Red Squirrel

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Yeah increasing size I was able to do live, but the option to add was grayed out. But I originally didn't want to actually add, I just wanted to make the existing one bigger. Ended up just adding a separate drive though and just make a separate data partition on non LVM. So if I want to extend it in the future it should be easier.
 

Fallen Kell

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Oct 9, 1999
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Red Squirrel, the command you were originally looking for was pvresize. This lets you change the size of the physical LVM container on a device (so that you can either grow it to fit the size of a LUN which was grown or in your case a virtual disk which was increased in size, or so that you can shrink it to make room for a new physical partition, etc). Afterwards you can then use lvresize (with --resizefs) to change the size of the logical volumes and underlying filesystem (I am assuming this was to add more space).

If you were shrinking everything you can't use lvresize without first fscking the filesystem and then using the approved shrinking methods (google is your friend here and will tell you what to do).
 
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Fallen Kell

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When I read that adding new vlans requires to restart the network service (you never want to do that on a production machine) I kinda steered away from it.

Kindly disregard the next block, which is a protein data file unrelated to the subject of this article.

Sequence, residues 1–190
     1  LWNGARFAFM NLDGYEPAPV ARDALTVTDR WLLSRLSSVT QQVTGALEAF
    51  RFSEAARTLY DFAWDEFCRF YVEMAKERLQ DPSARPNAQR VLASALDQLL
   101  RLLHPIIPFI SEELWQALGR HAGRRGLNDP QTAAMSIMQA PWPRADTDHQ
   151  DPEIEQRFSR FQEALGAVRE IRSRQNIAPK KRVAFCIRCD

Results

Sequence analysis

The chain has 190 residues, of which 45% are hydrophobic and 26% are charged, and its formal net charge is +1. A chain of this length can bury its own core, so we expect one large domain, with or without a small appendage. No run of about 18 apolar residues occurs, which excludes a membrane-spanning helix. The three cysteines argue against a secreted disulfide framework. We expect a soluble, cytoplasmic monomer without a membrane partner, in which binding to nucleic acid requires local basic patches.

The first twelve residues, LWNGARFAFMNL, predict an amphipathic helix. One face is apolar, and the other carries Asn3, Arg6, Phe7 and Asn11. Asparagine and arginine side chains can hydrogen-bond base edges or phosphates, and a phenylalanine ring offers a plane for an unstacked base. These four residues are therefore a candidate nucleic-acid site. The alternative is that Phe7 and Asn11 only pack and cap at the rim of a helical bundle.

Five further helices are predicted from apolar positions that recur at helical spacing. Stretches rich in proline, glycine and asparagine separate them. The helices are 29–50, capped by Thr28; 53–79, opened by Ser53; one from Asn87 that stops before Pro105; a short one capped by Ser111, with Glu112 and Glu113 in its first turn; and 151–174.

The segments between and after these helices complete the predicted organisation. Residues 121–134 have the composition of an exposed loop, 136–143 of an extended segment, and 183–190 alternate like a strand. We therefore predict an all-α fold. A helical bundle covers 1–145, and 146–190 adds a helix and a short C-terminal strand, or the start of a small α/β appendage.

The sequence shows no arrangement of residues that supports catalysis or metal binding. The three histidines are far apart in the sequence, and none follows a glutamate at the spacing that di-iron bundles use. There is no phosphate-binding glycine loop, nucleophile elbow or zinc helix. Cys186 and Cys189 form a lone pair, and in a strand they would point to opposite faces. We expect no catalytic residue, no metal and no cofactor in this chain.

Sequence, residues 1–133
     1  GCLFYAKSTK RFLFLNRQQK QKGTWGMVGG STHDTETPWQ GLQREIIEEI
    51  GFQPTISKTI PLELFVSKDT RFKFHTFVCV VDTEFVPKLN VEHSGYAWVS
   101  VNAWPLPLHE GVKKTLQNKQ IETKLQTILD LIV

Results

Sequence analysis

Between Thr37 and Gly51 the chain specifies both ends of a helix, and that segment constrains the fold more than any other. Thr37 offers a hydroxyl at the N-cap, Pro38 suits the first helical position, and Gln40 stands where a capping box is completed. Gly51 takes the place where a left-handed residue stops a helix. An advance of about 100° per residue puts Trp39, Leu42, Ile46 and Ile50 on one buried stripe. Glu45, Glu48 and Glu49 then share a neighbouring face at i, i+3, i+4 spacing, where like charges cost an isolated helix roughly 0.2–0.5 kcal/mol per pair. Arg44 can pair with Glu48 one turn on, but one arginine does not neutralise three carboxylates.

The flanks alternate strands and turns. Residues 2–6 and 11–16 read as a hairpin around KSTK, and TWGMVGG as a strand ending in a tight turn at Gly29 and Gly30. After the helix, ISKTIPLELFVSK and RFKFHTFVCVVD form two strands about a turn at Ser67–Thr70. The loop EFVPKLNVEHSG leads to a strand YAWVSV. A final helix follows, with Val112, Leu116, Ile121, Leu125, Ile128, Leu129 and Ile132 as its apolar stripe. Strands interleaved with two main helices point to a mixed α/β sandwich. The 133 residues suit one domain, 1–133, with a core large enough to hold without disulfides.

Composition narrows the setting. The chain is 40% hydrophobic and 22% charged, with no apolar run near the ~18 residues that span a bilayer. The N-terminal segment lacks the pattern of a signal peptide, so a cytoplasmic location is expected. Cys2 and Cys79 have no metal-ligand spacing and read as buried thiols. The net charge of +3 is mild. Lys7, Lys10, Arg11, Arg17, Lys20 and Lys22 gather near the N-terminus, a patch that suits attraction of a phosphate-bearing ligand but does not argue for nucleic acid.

If you are using RHEL 6.x or newer, CentOS 6.x or newer, Oracle Linux 6.x or newer, Scientific Linux 6.x or newer, your network devices and service restart all the time without you even knowing it. I believe every 2 hours on 7.x and every time link status changes, as well as several other network related settings (IP, netmask, etc., etc.,) (unless you specifically hand edited the underlying /etc/sysconfig/network-scripts/ifcfg-<network device> config files to strip away NetworkManager from controlling the devices).
 
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Red Squirrel

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Red Squirrel, the command you were originally looking for was pvresize. This lets you change the size of the physical LVM container on a device (so that you can either grow it to fit the size of a LUN which was grown or in your case a virtual disk which was increased in size, or so that you can shrink it to make room for a new physical partition, etc). Afterwards you can then use lvresize (with --resizefs) to change the size of the logical volumes and underlying filesystem (I am assuming this was to add more space).

If you were shrinking everything you can't use lvresize without first fscking the filesystem and then using the approved shrinking methods (google is your friend here and will tell you what to do).

Think thats the one I tried but it ha no effect. (No errors it just didnt change size)